Now that the economy is revving up, companies are increasing benefits to keep their best people from standing up. However, the ones that have the most chance are those that try to be caring all the time.
Daily stretching classes, exercise balls, free cappuccinos, salt lamps, health screenings – no, these are not the services of an all-inclusive spa hotel, but some of the perks that caring companies in Hungary offer their employees. And when we write “some” we actually mean “a few exceptional ones”. For most employees, their employers are found wanting. “All we get is our salary, period,” – said most respondents when asked by the Budapest Business Journal about the perks they receive. While multinationals and the biggest Hungarian companies usually provide comprehensive employment benefit packages, the picture at the level of small businesses is not quite so rosy.
K&H Bank interviewed 700 SME managers at the beginning of last December about benefits planned for 2011. The result of the survey showed that the proportion of SMEs providing such benefits grew to 63% this year, from 54% one year earlier. The most popular benefits are food vouchers, transportation contributions, holiday vouchers and pay bonuses.
Check your teeth
A potential, but not yet widespread benefit is a program of dental checkups for employees. VitalPoint Dental Center is providing a unique on-site mobile dental checkup program for companies. The program builds employee awareness regarding dental health and helps them evaluate possible aesthetic improvements. The HUF 2,000–3,000 per person cost of the ten-minute consultation is covered either by the company or by the employees, who also receive a discount voucher for a more detailed, clinic-based consultation and scaling and polishing. Companies that have already used this service include PwC, Music Television, Raiffeisen Bank, Nestlé and Carnation.
Caring organizations are those whose priority is to develop loyalty among employees, customers and shareholders. In today’s profit-centered world, caring companies may do much better in the long run than firms with only short-term profits in mind. Some of the benefits the BBJ encountered are highly creative, showing that companies do not necessarily have to spend a lot to make their employees happy.
Videoton – corporate tournaments
“We organize corporate tournaments in soccer, ping-pong and squash every year to promote employee health and wellness,” Ottó Sinkó, co-CEO of industrial group Videoton told the BBJ. Videoton is the 50% owner of a sports hall, where employees can also practice these sports around the year.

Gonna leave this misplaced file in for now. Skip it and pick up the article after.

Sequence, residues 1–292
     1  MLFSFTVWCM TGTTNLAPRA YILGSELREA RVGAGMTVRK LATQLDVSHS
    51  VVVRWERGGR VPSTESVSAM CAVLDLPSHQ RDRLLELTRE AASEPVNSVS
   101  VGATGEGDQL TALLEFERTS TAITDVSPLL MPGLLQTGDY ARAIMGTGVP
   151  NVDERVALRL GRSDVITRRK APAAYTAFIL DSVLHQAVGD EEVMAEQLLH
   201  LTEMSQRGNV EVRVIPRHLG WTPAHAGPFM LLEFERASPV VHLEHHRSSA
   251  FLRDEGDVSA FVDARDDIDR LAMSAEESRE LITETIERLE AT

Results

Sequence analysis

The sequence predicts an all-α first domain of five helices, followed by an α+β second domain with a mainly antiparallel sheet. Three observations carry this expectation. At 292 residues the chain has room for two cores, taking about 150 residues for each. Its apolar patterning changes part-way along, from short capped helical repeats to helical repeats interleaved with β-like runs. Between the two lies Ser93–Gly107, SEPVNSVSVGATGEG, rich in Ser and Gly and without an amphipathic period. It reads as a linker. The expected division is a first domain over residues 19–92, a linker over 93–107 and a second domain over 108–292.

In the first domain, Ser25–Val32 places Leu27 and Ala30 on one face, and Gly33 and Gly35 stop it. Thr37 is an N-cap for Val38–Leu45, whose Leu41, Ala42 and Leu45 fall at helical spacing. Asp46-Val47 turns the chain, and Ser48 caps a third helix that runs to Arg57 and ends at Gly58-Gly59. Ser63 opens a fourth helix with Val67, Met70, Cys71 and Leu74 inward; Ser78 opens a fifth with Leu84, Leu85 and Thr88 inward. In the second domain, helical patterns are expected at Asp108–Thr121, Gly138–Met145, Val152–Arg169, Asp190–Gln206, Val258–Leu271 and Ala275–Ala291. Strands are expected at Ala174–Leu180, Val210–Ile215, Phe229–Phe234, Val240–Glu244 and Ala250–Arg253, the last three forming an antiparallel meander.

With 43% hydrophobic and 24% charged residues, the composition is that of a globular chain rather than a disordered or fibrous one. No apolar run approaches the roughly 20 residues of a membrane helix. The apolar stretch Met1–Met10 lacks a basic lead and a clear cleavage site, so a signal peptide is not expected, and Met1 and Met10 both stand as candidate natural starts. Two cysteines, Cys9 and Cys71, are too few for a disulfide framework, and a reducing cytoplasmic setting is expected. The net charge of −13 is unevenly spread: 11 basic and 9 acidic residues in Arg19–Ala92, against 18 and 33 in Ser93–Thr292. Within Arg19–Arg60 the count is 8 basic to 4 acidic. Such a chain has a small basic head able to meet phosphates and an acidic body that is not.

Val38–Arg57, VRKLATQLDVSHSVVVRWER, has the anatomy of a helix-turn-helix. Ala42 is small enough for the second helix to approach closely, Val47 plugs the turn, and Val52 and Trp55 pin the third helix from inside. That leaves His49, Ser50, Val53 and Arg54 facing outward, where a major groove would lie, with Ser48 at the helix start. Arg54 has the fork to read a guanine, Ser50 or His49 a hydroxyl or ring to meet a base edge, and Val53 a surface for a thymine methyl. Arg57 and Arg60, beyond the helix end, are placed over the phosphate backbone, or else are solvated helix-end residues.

Videoton provides complete health screening to several hundred employees per year. The program has already saved several lives, Sinkó stressed. In addition, the company has its own clinic with specialists in several fields. Videoton has altogether 8,000 employees.
Family benefits include day care, summer camps and family vacations. Videoton, which is headquartered in Székesfehérvár, supports a local kindergarten that was built by the company. “We also organize summer camps for our employees’ kids and provide accommodation for the whole family in holiday homes at Lake Balaton during the summer,” Sinkó said. Both options are very popular, he added.
Videoton gives out theater tickets to approximately 3,000–5,000 employees per year and also offers tickets to various sport events.
These benefits are financed partly by Videoton and partly by a foundation that was set up with HUF 200 million capital 15 years ago, Sinkó said. The foundation, which receives contributions of HUF 30–50 million per year, originally aimed to provide social and cultural support to both Videoton employees and retirees. Now, it also supports certain local and national issues.
Egis – healthy lifestyle
Pharmaceutical firm Egis has a comprehensive employee benefit plan, with HUF 1.5 billion a year spent on the recreation and healthy lifestyle of its employees, the company informed the BBJ. The firm launched a cafeteria plan on January 1, 2011. The benefits employees can choose from include food vouchers, payments into voluntary pension funds and health funds as well as vacation vouchers, internet vouchers, local transportation benefits and housing subsidies.
Employees receive a 13th month pay and can apply for interest-free home loans, as well as financial aid when their kids start school, said Egis. The company has six holiday resorts, sports clubs and a fishing club. The 75-year-old Egis Sports Club offers several sports activities, from basketball through sailing to tennis.